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Forums > C64 Coding > Simple bilinear interpolation in assembler
2018-05-08 16:24
Wertstahl

Registered: Apr 2012
Posts: 34
Simple bilinear interpolation in assembler

Hello,

for some reason, with increasing age, i am no longer interested in spending much time on re-inventing the wheel.

Therefore, i'd like to ask if any of you wizards perhaps know of a close solution to this problem:

Lets say you have a "heatmap" in a matrix of 20x10 cells.

Does anyone perhaps already have a fast and simple routine for interpolating all the values within these cells, so that when you have some cells with very high values and some cells with very low values, that more or less smooth transitions (image blur) can be achieved in very few rasterlines?

Google just spat out hardcore math for me, which i feel unable to wrap my head around, when attempted to translate to a c64 assembler solution. (I code in assembly, directly, no c++ or the like, pretty please).

best regards
WS
 
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2018-06-09 00:39
Wertstahl

Registered: Apr 2012
Posts: 34

;-------------------------------------------------

linenums    = #$05
linecount   byte $05 ;(+1)

blur        lda  linenums  ;---
            sta  linecount ;---

            ldx #$00

do_blurX    ldy #$26

x_blurX     lda $0400+1,x
            lsr
            lsr
            lsr
            sta pot

            lda $0400-1,x
            lsr
            lsr
            lsr
            clc
            adc pot
            sta pot

            lda $0400,x
            lsr
            clc
            adc pot
            bcc noclip
            lda #$ff
noclip      sta $0400,x

            inx

            dey
            bne x_blurX

            inx ;---
            inx ;--- these and this mechanism is 
                ;--- just there to provide a visual gap
                ;--- ofcourse the scanning could be seamless 

            dec linecount ;---
            bne do_blurX  ;---

            rts

            ;================

pot         byte $0



needs deeper thought, but it works, horizontally, though.
2018-06-09 11:04
Digger

Registered: Mar 2005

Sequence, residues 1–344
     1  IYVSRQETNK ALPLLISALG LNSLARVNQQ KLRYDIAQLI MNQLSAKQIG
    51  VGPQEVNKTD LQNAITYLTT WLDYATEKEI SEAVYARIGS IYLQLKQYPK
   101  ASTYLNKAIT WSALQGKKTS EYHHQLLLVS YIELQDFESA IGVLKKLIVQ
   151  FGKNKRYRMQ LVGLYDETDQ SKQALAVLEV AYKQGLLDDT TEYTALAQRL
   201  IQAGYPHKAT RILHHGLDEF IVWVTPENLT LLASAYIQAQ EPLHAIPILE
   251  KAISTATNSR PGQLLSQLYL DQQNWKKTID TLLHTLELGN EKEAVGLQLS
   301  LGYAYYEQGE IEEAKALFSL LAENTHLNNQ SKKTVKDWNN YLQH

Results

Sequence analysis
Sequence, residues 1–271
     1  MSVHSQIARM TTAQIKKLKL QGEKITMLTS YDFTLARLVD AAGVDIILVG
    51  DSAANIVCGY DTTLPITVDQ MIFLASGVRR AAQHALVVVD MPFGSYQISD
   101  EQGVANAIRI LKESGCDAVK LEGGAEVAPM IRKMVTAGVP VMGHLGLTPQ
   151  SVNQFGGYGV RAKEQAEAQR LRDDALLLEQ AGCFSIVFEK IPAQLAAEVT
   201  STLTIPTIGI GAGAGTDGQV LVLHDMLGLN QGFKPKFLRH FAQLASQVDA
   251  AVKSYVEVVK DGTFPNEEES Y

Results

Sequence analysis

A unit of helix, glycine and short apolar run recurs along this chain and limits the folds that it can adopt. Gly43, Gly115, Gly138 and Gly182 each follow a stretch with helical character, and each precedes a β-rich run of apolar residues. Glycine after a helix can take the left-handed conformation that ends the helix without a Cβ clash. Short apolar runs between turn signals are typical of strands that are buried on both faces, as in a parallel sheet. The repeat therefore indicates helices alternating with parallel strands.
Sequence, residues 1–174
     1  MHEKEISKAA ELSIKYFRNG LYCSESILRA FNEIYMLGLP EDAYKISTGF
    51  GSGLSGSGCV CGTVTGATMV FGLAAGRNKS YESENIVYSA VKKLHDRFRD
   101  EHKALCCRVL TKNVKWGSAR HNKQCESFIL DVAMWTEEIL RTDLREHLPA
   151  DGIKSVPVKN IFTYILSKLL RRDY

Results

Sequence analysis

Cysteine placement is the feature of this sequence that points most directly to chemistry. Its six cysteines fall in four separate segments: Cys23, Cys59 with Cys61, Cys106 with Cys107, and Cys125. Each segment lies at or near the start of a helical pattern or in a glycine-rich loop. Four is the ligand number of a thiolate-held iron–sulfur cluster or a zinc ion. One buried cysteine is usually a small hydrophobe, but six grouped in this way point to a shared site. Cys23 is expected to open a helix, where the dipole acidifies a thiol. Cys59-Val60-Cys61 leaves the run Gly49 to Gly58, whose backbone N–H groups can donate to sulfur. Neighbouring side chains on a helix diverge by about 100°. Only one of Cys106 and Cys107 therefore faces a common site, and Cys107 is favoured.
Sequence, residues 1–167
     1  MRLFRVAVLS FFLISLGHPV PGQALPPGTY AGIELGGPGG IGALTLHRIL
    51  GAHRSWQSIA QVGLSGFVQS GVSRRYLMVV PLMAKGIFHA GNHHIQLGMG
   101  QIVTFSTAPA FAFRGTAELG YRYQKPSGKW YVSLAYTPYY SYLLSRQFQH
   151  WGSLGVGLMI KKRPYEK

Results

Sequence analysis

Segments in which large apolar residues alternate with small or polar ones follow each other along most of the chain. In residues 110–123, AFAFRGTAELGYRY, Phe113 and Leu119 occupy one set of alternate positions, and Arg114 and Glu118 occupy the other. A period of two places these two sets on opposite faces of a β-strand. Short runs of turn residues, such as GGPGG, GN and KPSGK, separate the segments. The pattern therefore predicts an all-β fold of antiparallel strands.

Posts: 295
.prg would be good :)
2018-06-09 11:12
Rastah Bar

Registered: Oct 2012
Posts: 162
I can see some optimizations. For example, you can get rid of 2 LSRs by first adding ($0401,x)/2 and ($3ff,x)/2 and dividing the result by 4.


lda $401,x
lsr
sta pot
lda $03ff,x
lsr
clc
adc pot
lsr
lsr
sta pot

Also, does it ever clip? ($400,x)/2 <= 128 and ($3ff,x)/8+($401,x)/8 <= 64, so their sum will not exceed 192.

And I would use a ZP address for pot.
2018-06-09 15:38
Sparta

Registered: Feb 2017
Posts: 12
(clc)
lda 03ff,x
adc 0401,x
ror
adc 0400,x
ror
sta 0400,x
adc 0402,x
ror
adc 0401,x
ror
sta 0401,x


Ps. Check out my fire effect in Tunnel Vision.
Edit. If unrolled, you can omit ,x indexing.
2018-06-09 16:39
Wertstahl

Registered: Apr 2012
Posts: 34
sparta, that looks very sleek. i was afraid that something like that, which i do not fully understand, might work. how did you come up with this solution?
2018-06-09 16:54
Sparta

Registered: Feb 2017
Posts: 12
Many many years of code optimization. :))

(JK, I am just a hobby coder)

Actually, I used something similar in my fire effect in Tunnel Vision. Except, I did not have enough memory to fully unroll the loop and I also modified the result using a cosine tab. In the fire effect, the 3rd addition comes from the char line below. Something like this:

0400=(((03ff+0401)/2)+0428)/2

When you add to 8-bit numbers, the result will be a 9-bit number with 1-8th bits in AR and the 9th bit in C. ROR will divide this 9-bit number by 2, rolling the C in AR. This will also modify C again, however, CLC can be safely omitted in most of the cases, because the difference in your result is <=1, and the next ROR will half that, too.
2018-06-09 16:54
Wertstahl

Registered: Apr 2012
Posts: 34


although the rol solution (above) also has this effect of smearing things into one direction, which i am currently trying to suppress so i can do everything in one go, using lookup tables: (having some brightness trouble currently, though)



way less easy than i thought.

(both images show a 4x3 cross and a 3x3 square blurred)


Oh! Thank you for your explanation Sparta! Much appreciated!
2018-06-09 16:59
Sparta

Registered: Feb 2017
Posts: 12
Double buffering will avoid the skew as you will not overwrite your original values.

Also, keep in mind the above solution is not a true average of the 3 values:

b=(a+2b+c)/4
2018-06-09 17:00
Wertstahl

Registered: Apr 2012
Posts: 34
And, because i didnt yet say what this is for: it is for a battle tactics ki precalculation. Now i said it.
2018-06-09 17:02
Wertstahl

Registered: Apr 2012
Posts: 34
Ah! I had a double buffering version before but for some reason fell back to single frame! Thanks alot for the hint! That should do the trick!
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